Fifth-year apprentices say farewell in Arts Guild exhibition
Jessica Moes, Arts and Entertainment Editor
May 14, 2013 • 2,877 views
The St. Olaf fifth-year art apprentices, in conjunction with Carleton College’s art educational intern, are showing off a year of hard work at an exhibit at the Northfield Arts Guild. The show, collectively titled “A Minnesotan Goodbye,” highlights a fascinating view of the intersection of organic life with human determination, and has allowed the artists to explore connections through a variety of media.
Each artist has approached their fifth-year apprenticeship differently, which is shown through their final displayed pieces. Anders Nienstaedt ’12 explored the intersection between art and journalism and the pursuit of truth in a personal story. His work includes a 68-page printed book that is available for sale, two basswood sculptures of discarded trash, an audio loop of a recorded interview with two men and several wall pieces that illustrate the text from those same interviews.
Nienstaedt also collaborated with Anda Tanaka ’12 in an interactive piece in which audience members are invited to write and mail pre-stamped postcards. Tanaka’s other pieces on exhibit include mixed-media paintings on life-sized swatches of Tyvek and a sculpture of printed mice in a gold-leafed basket.
Sheila Novak ’12 focused on issues of compassion which come to life in her figurative and organic bronze sculptures and small intaglio prints.
“I am exploring how we are taught compassion for others as a moral,” Novak said. “The extent to which that moral is actually taken is much less than the lessons and ethics encourage and ask of us. I utilized the creative process as a way to nurture a more compassionate sensibility within myself.”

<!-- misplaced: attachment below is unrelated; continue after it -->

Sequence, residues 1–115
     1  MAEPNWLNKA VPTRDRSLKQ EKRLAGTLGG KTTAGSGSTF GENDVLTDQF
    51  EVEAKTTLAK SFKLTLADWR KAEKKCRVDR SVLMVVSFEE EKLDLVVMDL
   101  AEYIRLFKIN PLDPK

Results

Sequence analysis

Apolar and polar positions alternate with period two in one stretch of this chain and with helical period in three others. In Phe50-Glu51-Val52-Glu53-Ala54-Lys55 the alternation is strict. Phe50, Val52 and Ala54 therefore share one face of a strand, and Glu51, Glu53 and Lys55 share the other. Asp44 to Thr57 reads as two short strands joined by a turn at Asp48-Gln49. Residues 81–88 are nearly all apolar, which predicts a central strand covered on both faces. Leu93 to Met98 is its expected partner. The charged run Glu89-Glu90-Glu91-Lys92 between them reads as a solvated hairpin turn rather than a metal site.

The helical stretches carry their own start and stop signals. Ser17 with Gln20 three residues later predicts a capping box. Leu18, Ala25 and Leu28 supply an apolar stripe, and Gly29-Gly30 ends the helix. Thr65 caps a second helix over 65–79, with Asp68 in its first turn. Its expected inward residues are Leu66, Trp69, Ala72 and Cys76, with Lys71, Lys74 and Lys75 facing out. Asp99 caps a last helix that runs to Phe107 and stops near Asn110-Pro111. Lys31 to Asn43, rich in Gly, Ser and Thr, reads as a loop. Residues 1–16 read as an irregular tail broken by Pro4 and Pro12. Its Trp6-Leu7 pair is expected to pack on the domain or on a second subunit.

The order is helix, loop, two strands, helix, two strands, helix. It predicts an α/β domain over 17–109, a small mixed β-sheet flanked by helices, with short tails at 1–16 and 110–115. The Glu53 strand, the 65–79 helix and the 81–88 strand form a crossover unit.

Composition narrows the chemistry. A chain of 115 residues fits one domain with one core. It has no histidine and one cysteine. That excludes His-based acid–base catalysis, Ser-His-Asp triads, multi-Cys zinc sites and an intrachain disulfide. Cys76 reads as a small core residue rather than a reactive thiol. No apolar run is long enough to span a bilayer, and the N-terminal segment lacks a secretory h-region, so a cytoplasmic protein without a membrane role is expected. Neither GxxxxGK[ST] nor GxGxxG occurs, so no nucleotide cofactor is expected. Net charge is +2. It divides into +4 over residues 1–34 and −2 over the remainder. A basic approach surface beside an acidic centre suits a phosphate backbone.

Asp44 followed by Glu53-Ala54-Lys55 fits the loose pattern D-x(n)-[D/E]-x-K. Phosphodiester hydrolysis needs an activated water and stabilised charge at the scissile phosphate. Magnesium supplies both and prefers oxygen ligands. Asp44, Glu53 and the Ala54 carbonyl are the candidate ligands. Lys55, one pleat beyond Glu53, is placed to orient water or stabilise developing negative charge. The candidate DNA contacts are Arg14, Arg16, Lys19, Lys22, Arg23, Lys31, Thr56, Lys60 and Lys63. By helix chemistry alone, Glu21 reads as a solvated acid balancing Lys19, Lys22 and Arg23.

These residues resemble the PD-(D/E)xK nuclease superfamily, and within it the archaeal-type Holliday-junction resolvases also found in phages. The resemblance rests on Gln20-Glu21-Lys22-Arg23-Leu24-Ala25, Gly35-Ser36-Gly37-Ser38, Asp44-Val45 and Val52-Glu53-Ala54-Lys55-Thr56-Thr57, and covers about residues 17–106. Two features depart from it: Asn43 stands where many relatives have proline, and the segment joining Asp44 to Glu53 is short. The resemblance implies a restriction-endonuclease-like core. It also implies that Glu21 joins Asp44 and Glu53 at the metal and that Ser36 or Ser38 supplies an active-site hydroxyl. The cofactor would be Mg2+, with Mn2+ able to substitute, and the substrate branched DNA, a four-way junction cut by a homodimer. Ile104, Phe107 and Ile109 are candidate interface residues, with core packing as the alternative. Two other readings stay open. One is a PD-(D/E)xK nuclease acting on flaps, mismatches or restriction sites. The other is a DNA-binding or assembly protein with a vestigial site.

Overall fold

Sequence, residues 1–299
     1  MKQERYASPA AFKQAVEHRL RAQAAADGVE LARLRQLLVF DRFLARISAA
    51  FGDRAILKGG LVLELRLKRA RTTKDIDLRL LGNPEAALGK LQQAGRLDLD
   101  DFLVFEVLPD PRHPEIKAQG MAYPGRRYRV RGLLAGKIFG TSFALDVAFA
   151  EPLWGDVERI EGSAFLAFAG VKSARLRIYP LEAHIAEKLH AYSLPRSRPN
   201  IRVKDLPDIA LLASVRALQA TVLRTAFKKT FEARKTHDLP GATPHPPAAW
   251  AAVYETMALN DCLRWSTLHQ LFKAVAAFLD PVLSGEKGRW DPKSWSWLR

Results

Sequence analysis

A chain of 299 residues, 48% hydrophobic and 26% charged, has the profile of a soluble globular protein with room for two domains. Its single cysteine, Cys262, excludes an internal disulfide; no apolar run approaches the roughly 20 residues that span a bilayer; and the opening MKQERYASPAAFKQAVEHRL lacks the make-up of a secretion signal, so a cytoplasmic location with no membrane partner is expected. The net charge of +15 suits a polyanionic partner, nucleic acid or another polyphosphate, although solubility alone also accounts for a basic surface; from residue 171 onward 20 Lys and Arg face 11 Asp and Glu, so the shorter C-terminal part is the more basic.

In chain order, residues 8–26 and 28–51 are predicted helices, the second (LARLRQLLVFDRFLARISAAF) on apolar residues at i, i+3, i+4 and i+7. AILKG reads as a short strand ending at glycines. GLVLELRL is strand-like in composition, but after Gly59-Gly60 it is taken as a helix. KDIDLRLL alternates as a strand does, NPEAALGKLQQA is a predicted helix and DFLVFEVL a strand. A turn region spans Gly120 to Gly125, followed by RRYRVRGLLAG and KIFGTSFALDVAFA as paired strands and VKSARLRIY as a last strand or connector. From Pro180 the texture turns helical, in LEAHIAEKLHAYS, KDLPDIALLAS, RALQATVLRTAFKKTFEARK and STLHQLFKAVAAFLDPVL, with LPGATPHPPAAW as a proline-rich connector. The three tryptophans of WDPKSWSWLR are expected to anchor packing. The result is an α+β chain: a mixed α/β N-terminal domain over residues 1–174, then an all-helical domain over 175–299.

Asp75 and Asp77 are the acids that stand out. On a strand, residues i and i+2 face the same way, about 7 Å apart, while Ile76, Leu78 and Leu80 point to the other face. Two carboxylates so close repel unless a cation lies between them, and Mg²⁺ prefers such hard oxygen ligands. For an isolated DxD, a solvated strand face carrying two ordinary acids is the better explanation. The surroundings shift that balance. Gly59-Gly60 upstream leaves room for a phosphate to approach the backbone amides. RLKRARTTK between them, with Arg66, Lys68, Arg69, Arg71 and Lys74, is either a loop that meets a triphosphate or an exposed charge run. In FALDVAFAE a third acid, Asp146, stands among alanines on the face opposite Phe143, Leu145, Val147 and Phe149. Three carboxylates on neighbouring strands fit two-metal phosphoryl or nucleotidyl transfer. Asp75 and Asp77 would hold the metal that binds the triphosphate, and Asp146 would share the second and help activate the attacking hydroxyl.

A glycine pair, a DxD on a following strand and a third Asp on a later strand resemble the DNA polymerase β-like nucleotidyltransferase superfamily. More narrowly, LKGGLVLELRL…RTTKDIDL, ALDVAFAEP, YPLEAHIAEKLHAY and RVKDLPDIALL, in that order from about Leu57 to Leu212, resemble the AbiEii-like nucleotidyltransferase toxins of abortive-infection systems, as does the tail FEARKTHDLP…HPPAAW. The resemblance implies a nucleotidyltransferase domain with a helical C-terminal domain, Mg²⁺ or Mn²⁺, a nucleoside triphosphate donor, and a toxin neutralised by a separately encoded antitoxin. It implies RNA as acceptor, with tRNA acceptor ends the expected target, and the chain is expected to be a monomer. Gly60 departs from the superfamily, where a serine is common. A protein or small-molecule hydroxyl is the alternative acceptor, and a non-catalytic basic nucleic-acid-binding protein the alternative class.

James Wilson ’12 focused on design and planning in his work. Wilson’s pieces on display at the Guild include a large twenty-sided geometric sculpture that is supported at eye-level with a collection of metal planes radiating out and a low table made of walnut with crossed wooden struts underneath.
“I have been able to step away from my pieces and really lay out the composition and develop craft,” Wilson said. “I spend so much time outside of the studio really planning and thinking so that when I get in there, I can really go!”
Justina Ny ’12 exhibited dozens of ceramic vessels and plates, which sit on densely-packed rows of shelving. The work by Mat Butger ’12 revolves around photography, including images of a destroyed hotel in Northern Minnesota and a grid of smaller photos of trees and shadows. The Carleton intern, Arielle Rebek, also focuses on photography. Her work includes a series of self-portraits made using a pinhole camera and topographic map-style drawings.
The show serves as a reminder to the apprentices of how far they have come in the past year.
“As an artist, the apprenticeship has given me – and everyone, I think – freedom to explore our diverse interests while still being informed by St. Olaf’s vibrant, creative community,” Nienstaedt said. “I’m lucky to have peers this talented, kind and fun-loving. They are great friends.”
“A Minnesotan Goodbye” will be on display in the Main Gallery at the Northfield Arts Guild until May 18. The gallery is open Monday through Friday, 10 a.m. to 5 p.m.